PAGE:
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Molecular Diagnostics

Delivering on the promise of early detection with liquid biopsies

Abstract

Liquid biopsy approaches are relatively well developed for cancer therapy monitoring and disease relapse, but they also have incredible potential in the cancer early detection and screening field. There are, however, several challenges to overcome before this potential can be met. Research in this area needs to be cohesive and, as a driver of research, Cancer Research UK is in an ideal position to enable this.

Main

We know that cancer is easier to treat, and causes patients to suffer less and live longer when it is detected at an earlier stage [1]. That is why Cancer Research UK is trying to reach a position whereby no cancer is detected late.

The past few decades have seen the promise of non-invasive techniques to examine tumour biology begin to deliver [2]. As such, liquid biopsy approaches will be an important part of the mix of techniques, which will help us reach our early detection goal allowing patients to get their cancer diagnosis as early as possible.

Despite advances, invasive tumour biopsy remains the primary method of diagnosis. However, the limitations of utilising this approach for the early detection of solid tumours are well known. Considerable difficulties in accessing certain tumours, changes in tumour genetic composition arising from malignant neoplasms [3] and intra-tumour heterogeneity can be problematic for conventional tumour biopsy [4].

The minimally invasive nature of liquid biopsy offers the potential of relatively easy repeat sampling over time. It is clear then that the application of liquid biopsy-based early detection is a vital direction of travel for the research community.

How can we enable this?

As a funder and driver of research in this important area, our aim is to enable the research community to make significant, and cohesive, progress. Our recent Early Detection and Diagnosis of Cancer Roadmap points out how the early detection and diagnosis ecosystem can meet the pressing need to increase our ability to accurately detect and diagnose cancer at an early stage to transform health outcomes (https://www.cancerresearchuk.org/sites/default/files/early_detection_diagnosis_of_cancer_roadmap.pdf). It encompasses a wide range of approaches, including a call to arms for those developing new technologies and methods to drive progress in this area.

Because Cancer Research UK was an early supporter of work in this field, we see the importance of funding liquid biopsy research to yield important results. In 2013, CRUK researchers Carlos Caldas and Nitzan Rosenfeld, based at our Cambridge Institute, were collaborators on a pivotal proof-of-concept study showing circulating tumour DNA (ctDNA) has a higher sensitivity to that of circulating tumour cells (CTCs) as a biomarker of metastatic breast cancer [5]. The study was focussed on the potential of this approach to monitor therapy in patients and found that ctDNA levels showed a greater dynamic range and greater correlation with changes in tumour burden than CTC.

In the same year, Rosenfield and Caldas went on to co-author another study—one of the first to show that genomic alterations in solid cancers can be characterised by sequencing ctDNA [6]. The work showed that sequencing of cancer exomes in serial plasma samples can be used to track the genomic evolution of metastatic cancers in response to therapy. It also established proof of principle that exome-wide analysis of ctDNA could complement invasive biopsy approaches to identify mutations associated with acquired drug resistance in advanced cancers.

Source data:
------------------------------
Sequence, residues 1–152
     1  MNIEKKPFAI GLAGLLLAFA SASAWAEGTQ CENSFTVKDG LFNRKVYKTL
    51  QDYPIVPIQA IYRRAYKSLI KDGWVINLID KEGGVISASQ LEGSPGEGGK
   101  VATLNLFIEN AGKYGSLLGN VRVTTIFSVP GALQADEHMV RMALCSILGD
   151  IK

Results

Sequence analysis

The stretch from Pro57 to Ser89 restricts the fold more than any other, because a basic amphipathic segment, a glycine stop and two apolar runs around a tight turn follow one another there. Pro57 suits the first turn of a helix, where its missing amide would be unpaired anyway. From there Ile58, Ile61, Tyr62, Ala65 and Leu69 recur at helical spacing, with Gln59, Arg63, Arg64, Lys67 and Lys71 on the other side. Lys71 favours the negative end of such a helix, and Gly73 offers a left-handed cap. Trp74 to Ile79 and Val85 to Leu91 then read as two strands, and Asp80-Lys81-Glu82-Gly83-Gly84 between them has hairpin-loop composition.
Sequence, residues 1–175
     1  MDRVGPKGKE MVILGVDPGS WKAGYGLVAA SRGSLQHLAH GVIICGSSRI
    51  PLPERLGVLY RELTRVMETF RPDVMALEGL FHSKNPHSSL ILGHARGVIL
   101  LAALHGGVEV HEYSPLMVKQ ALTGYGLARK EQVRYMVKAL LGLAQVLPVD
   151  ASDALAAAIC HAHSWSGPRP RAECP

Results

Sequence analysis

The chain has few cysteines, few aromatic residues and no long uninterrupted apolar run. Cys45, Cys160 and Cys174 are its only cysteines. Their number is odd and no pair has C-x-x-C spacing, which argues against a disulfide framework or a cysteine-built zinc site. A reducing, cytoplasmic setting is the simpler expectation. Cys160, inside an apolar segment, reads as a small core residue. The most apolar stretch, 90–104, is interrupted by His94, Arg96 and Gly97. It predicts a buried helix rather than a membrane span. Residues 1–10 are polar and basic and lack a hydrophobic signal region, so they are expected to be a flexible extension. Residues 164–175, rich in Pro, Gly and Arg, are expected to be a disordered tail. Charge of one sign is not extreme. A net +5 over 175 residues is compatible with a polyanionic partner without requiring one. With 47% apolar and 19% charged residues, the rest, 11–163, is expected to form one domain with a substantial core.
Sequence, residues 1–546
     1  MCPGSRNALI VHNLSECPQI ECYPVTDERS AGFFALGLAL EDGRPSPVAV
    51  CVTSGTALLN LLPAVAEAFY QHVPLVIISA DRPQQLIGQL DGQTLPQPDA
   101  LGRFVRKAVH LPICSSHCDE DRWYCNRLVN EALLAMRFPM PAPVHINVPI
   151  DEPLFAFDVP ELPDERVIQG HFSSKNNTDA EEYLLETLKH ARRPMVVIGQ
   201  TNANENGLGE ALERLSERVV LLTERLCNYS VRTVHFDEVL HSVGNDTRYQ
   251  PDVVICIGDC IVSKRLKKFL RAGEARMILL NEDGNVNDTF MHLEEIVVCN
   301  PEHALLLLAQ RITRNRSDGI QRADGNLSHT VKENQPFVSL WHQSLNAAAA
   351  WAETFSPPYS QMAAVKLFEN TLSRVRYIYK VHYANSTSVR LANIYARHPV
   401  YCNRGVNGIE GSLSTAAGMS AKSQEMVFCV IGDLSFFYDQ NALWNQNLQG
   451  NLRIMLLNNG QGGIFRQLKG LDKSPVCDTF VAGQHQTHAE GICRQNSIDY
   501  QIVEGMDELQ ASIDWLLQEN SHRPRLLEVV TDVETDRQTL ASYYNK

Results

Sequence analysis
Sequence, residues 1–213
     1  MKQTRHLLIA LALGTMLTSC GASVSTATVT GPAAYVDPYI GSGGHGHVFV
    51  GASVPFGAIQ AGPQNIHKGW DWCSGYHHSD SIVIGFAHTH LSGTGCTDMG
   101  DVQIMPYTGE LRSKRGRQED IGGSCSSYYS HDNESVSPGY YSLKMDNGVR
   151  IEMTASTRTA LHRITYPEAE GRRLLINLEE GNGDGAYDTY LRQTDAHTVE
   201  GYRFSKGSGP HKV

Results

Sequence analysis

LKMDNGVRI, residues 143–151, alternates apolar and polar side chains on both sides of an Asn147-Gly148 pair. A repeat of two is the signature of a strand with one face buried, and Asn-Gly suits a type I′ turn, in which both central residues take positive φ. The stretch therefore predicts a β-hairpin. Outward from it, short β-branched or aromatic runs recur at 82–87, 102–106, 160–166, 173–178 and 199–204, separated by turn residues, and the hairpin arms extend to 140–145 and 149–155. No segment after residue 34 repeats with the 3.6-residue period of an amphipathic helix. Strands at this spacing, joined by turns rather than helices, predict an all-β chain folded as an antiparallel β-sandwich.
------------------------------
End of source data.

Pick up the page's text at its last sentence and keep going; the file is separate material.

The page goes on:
One of the remaining challenges to this, however, is that the sensitivity of ctDNA analysis is limited by the amount of tumour DNA in the blood. When amounts of ctDNA in plasma are low, as they often are in early-stage cancers, analysis can be unreliable because the signal is below the limit of detection [7]. Recent work by CRUK researchers suggests that a patient’s individual tumour sequence data can be used to overcome this [8]. In the study, they developed a method for sensitive patient-specific monitoring of ctDNA that utilises the properties of patient-specific sequencing data. They describe the INtegration of VAriant Reads (INVAR) approach, which uses custom error suppression and signal-enrichment methods to increase the sensitive monitoring and identification of residual disease. Whilst these studies were not focussed specifically on early detection, they can be seen as a stepping stone to that end.

Multiple-cancer potential

The development of multi-cancer early detection (MCED) tests has generated a lot of recent attention. And it is clear to see why. A single test for simultaneous detection of multiple cancers is an exciting prospect for early detection and screening and there is evidence to suggest the approach will have utility. Modelling work suggests that 26% of cancer-related deaths could be avoided using MCED screens to detect cancers in 50–79 year-olds in the United States [9].

However, whilst there are now a small number of multi-cancer tests with real potential in terms of early detection [10,11,12], none are yet proven. Furthermore, even if tests such as this do show utility in a clinical setting, there are question marks over placing too much emphasis on them. For example, any multi-cancer test will ideally need to identify the tissue of origin following a positive result to avoid costly additional tests to locate the cancer. There will be no ‘magic bullet’ solution to the early detection problem—and MCED tests would not solve everything. This means CRUK needs to focus on the whole continuum of challenges in early diagnosis—from discovery research, through translation to regulation and implementation in clinical pathways, as articulated in our Roadmap.